Plastic Storage Containers

Make the Most of What You Have on Hand

Diaper Wipe Containers 

When it comes to free plastic storage containers, these ubiquitous little gems are a mothers’ dream. They’re abundant in any home with small children and extremely versatile. They are the perfect size for all sorts of kid-sized stuff.

When my children were small Chubbs® made a diaper wipe container that looked like a giant Lego® block. They stacked like Legos® too. We used our collection for more than 10 years to store crayons, colored pencils, paint brushes, alphabet magnets, markers, marbles, rubber stamps and ink pads, small toys, and stickers.

Sadly the Chubbs® Lego®-esque containers are no longer in circulation, but there are numerous other options to choose from. While they may not be as fun to look at and play with, they’re just as handy to use as storage containers.

As far as plastic storage containers go, empty diaper wipe containers are particularly versatile.  They work for storing small stuff like crayons, plastic utensils, first aid supplies, recipes and snacks. Most also work well as dispensers (since that's what they were designed to be).  The pop top with slot beneath makes them great for storing plastic grocery bags.  This is particularly useful to keep in your car for collecting trash.  I've also seen them used to dispense yarn.  

These diaper wipe containers are the perfect size for housing card games.  No more battered game boxes.  {Source}

Crystal Light Containers

Crystal Light® (and its generic counterparts) comes in these cool cylindrical canisters with pop on lids.  They're perfect for storing small stuff - everything from buttons to bandages to beads.  Every time I see them I wonder what I might store in them.  They just look like they were destined to be used as plastic storage containers.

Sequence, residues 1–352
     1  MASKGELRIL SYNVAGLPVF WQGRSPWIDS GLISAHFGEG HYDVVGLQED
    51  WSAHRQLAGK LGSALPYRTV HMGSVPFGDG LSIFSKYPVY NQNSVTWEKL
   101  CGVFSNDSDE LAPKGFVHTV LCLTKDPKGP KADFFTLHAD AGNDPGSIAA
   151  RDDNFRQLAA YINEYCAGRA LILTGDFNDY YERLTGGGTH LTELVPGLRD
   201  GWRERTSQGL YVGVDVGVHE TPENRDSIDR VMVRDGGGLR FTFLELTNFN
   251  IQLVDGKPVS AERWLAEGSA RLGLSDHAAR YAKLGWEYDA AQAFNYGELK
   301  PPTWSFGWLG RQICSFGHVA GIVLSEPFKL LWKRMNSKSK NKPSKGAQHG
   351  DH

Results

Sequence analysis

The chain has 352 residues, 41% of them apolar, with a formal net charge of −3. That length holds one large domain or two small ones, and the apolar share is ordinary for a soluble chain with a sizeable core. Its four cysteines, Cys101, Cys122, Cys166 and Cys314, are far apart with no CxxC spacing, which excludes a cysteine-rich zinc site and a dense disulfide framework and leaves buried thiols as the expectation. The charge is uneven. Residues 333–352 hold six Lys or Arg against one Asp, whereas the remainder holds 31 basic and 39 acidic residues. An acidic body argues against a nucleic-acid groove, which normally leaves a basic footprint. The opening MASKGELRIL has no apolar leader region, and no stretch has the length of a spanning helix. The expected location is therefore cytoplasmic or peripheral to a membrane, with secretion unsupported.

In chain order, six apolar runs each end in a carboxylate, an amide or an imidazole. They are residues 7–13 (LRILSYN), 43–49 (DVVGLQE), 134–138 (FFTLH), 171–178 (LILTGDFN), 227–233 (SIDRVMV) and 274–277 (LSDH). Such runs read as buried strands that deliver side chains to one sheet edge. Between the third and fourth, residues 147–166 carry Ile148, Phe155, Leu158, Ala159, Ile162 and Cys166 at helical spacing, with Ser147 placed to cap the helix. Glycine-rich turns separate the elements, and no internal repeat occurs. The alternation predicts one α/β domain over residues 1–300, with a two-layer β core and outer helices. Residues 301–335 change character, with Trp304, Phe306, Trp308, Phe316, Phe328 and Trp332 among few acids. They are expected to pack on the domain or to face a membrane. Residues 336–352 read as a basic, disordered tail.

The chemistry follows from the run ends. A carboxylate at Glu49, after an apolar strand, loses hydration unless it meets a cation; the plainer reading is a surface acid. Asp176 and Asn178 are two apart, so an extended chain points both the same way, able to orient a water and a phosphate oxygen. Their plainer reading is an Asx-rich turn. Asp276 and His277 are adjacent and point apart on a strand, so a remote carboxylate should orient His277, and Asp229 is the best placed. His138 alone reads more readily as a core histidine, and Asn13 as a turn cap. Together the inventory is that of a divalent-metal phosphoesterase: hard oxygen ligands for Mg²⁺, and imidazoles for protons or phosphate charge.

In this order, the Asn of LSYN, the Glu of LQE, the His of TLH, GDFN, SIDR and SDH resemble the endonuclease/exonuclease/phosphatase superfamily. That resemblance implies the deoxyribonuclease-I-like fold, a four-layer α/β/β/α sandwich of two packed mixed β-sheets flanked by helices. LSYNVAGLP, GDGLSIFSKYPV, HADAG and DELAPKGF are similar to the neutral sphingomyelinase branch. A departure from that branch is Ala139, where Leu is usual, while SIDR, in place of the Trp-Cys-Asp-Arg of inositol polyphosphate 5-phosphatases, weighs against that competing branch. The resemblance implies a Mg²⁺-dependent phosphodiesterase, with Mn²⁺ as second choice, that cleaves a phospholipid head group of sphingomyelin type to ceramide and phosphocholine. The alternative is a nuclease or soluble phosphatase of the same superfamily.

These drink mix containers are perfect for storing pens and pencils.  Connect several to create separate slots for different colors like you see here.  {Source}

Here's a cleaver idea!  These little plastic containers make excellent eye glass cases. {Source}

Bulk Food Containers

Bulk food containers also get my mind whirring.  They're so stout and functional with their broad openings, large capacity, and (in some cases) practical handles.  They work great for storing small toys (Lego ® and other blocks, etc.).  They also work well for (surprise!) bulk food storage.  

These handled bulk food containers store large quantities in a compact space.  They also look great all filled up with an array of dry goods.  There is something appealing about the different sizes, shapes and textures.  {Source}

Check out these cool canisters repurposed from Folgers® coffee containers. {Source}

Small Plastic Cartons, Containers, and Lids

Yogurt cartons, ricotta or cottage cheese containers, margarine tubs, caps from aerosol cans, and measuring cups from liquid medicines all make excellent drawer dividers for storing little things like desk supplies, craft items, or cosmetics in drawers.

Dairy containers turned desk organizers - here you see a collection of sour cream, cottage cheese, cream cheese, and butter tubs being utilized to sort desk supplies in a drawer.

Film Canisters

Most people own digital cameras these days, but many folks still have a stash of those fun little black canisters used to house rolls of film. They make handy little plastic storage containers for all sorts of small stuff.

Film canisters are good for packing a pair of earrings for a trip or for keeping a single dose of medicine or a couple of cough drops in your purse.

If you have a sizeable collection of film canisters consider hot gluing them all together in a semi-rectangular fashion. Insert the configuration into a drawer to organize beads or buttons by color. The same concept would work for sorting washers, nuts, and bolts by size.

Film canisters used to be (and still are to a certain extent) good for collecting quarters to take to the Laundromat, but nowadays it would take a whole canister full to wash a single load!

I like to use one of these canisters to hold a pencil sharpener – the kind without casing to contain the shavings. The sharpener fits perfectly inside and the canister acts as a container for shavings until I find a trash can to dispose of them.

Protect Your Pencils

I also like to reuse plastic travel toothbrush holders to house pencils. When my kids were younger, I’d pack them for use on airplanes or in the waiting room at the doctor’s office. The hard plastic protects the pencil point from breaking and keeps the lead from rubbing off on things around it.

More storage container ideas.

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